Friday, August 15, 2008

Guilty Pleasures--Olympic Version

Yes, I know China has a horrid human rights record. I know that they are trying to destroy the people and the culture of Tibet. I know their environmental record is abysmal. I also know that winning is a cultural obsession.

Still, I'm enjoying the Olympics.

The Olympics is the only time women's sports get significant air time. The first set last night between the U.S. Beach Volleyball team and the underdog team from Belgium was a nailbiter. Would Misty and Kerri actually lose? The set went to 24 points before the American team won.

(By the way, has anyone else noticed that, with the exception of swimming, the women's competitive uniforms seem to be getting smaller? While the men wear big, floppy shirts and shorts?)

DD#2, just returned home from Japan, was watching the women's volleyball match between the U.S. and Japan. She was at an International Jamboree in Japan during the opening days of the Olympics, so had some catching up. She was able to watch some events with her Japanese host family--like the volleyball match between Japan and Argentina. Oddly enough (!), the Japanese Olympic broadcast was not all Michael Phelps all the time. (Not to detract from Mr. Phelps--he is truly amazing to watch. But I do want to stuff a Speedo in the mouth of the commentators.)

She cheered when the U.S. team missed a difficult shot. "I'm rooting for the Japanese," she stated matter-of-factly.

"I thought you would," I answered.

I rooted for the Korean who won that country's first gold in swimming. I enjoy watching talented athletes from smaller countries pull off upsets. There's something so... I don't know... American about rooting for the underdog. And I enjoyed watching the women's individual saber fencing finals. We had a lively family discussion about what the scoring rules were.

I still want Michael Phelps to break records. :)

My favorite moment of the Olympics is the Parade of Nations at the Opening and the Closing. Because I've worked in the shipping business, I've got a pretty fair idea of where most of the countries are geographically and I've worked with citizens of several of them. I especially enjoy looking at the native dress. And the fact that, for a change, the U.S. women did not have the most tacky attire--that award goes to Hungary. (Sorry, Hungary!)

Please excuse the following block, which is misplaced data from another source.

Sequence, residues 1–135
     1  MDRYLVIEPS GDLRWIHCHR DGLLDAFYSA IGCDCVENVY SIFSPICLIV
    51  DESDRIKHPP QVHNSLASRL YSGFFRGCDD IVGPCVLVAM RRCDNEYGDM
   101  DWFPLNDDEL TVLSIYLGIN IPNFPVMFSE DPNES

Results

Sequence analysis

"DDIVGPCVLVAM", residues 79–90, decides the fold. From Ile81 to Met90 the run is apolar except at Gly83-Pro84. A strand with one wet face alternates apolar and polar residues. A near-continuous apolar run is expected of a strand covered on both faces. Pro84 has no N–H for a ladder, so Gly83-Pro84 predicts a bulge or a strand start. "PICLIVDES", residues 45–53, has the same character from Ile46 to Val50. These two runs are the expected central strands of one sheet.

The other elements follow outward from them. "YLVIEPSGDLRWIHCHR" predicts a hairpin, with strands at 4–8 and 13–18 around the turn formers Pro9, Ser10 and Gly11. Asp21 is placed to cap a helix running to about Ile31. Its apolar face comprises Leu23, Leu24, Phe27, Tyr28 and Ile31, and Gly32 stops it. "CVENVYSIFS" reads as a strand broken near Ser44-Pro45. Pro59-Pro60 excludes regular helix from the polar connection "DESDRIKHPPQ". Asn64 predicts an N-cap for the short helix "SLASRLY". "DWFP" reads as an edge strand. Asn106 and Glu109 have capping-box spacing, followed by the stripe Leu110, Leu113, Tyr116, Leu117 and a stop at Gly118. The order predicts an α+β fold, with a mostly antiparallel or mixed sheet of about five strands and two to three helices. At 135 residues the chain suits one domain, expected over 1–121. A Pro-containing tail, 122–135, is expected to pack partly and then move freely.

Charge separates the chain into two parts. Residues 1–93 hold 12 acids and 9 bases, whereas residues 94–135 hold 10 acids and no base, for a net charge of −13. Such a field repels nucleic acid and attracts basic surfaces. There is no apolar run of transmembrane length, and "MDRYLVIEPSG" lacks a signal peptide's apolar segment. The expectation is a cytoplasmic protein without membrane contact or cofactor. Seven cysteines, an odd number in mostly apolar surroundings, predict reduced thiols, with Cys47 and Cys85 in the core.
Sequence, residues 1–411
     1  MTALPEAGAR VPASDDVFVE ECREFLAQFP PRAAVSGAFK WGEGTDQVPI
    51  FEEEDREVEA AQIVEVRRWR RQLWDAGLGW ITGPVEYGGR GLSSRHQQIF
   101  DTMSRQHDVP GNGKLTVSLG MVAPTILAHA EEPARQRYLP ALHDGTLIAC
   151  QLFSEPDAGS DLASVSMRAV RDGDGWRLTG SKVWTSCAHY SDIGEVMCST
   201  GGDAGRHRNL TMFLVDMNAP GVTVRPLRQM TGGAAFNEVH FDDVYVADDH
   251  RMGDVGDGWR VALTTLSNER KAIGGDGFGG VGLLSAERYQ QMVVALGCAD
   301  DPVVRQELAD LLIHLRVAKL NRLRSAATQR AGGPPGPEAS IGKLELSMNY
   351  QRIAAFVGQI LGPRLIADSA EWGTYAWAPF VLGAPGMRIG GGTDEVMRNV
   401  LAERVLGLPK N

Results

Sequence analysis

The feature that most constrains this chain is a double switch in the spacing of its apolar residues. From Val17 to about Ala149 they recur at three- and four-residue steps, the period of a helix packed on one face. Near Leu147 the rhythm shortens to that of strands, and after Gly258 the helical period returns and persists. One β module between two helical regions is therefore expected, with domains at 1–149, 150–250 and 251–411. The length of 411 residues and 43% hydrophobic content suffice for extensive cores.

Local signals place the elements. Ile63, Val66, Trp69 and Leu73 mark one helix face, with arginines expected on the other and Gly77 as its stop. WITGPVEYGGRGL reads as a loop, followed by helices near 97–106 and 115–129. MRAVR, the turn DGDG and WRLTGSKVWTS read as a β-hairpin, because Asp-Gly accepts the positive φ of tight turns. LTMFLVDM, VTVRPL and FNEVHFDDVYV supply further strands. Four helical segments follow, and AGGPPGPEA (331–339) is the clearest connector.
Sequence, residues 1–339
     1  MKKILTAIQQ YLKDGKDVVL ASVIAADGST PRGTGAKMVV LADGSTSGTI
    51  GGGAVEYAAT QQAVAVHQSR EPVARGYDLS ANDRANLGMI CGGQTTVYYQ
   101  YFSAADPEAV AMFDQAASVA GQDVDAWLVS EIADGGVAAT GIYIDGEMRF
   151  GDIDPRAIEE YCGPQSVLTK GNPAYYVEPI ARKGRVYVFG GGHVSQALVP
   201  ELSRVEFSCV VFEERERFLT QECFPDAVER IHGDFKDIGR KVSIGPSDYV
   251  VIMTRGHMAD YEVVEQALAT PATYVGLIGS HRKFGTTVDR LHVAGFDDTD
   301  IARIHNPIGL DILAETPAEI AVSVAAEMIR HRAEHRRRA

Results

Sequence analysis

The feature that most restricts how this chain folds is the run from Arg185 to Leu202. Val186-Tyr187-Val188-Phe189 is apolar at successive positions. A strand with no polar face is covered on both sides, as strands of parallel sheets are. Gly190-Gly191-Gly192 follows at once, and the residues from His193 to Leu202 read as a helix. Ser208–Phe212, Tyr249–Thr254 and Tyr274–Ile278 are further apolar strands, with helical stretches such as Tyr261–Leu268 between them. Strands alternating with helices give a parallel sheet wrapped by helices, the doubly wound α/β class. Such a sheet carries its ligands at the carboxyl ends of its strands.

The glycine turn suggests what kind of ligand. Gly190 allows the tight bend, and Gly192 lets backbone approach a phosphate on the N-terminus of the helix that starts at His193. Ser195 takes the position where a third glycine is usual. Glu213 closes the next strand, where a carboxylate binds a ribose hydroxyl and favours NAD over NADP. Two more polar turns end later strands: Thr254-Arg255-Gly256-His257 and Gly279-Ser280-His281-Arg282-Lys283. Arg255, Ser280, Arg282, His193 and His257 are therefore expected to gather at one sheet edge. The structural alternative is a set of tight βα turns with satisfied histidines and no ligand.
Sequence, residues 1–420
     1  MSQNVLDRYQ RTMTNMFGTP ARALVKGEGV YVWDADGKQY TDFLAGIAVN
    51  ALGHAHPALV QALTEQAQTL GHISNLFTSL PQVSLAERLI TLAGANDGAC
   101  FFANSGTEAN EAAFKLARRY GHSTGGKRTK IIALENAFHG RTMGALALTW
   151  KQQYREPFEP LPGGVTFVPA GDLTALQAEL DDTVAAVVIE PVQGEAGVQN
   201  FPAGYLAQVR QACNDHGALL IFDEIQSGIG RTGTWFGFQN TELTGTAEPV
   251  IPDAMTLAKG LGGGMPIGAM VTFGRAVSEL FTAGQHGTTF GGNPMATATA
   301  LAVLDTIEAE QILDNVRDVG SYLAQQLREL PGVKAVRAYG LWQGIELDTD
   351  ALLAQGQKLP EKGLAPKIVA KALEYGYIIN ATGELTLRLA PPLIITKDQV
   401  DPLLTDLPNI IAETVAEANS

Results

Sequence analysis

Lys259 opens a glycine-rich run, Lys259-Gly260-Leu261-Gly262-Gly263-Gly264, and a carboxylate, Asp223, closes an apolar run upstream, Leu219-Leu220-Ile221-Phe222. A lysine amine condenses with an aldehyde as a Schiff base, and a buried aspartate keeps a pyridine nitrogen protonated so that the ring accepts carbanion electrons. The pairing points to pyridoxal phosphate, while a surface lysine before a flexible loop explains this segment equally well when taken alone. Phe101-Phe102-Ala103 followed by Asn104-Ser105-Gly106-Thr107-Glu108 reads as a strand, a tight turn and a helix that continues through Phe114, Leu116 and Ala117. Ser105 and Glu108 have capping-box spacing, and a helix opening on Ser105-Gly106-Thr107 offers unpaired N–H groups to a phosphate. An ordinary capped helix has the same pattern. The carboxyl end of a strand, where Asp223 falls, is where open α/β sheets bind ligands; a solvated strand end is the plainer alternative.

Am I surprised there is controversy? No. Olympics and controversy seem to be synonymous. Am I surprised that the IOC and the various international sporting federations are doing nothing? No. I mean, really, this is the body who accused the U.S. women swimmers of being "bad sports" when they complained there was something odd about the East German women back in the '70's. And has not apologized when it was revealed that the East Germans were using steroids.

The Swiss are the premier men's beach volleyball team in the world? Really? Who would have thunk it?

And then there are the personal stories. Lopez Lomong, the flag bearer for the U.S., was one of the "lost boys" from Sudan, kidnapped from his family, adopted from a refugee camp. He watched the Olympics in Sydney and became inspired.

And now he's an Olympic athlete. In Beijing. Capital of the country that helped bankroll the strife in Lopez's native country. The irony makes me smile. No overt protest. Just a subtle dig.

And I just heard that Lopez has been reunited with his birth parents who had no idea he was still alive. That's really good news.

So I'm addicted. The T.V. is tuned to NBC and I'm watching whatever they're showing. I have my favorites--swimming, crew, gymnastics, volleyball--but I'll watch anything that's on. Really.

And, yes, I'm the same way about the Winter Olympics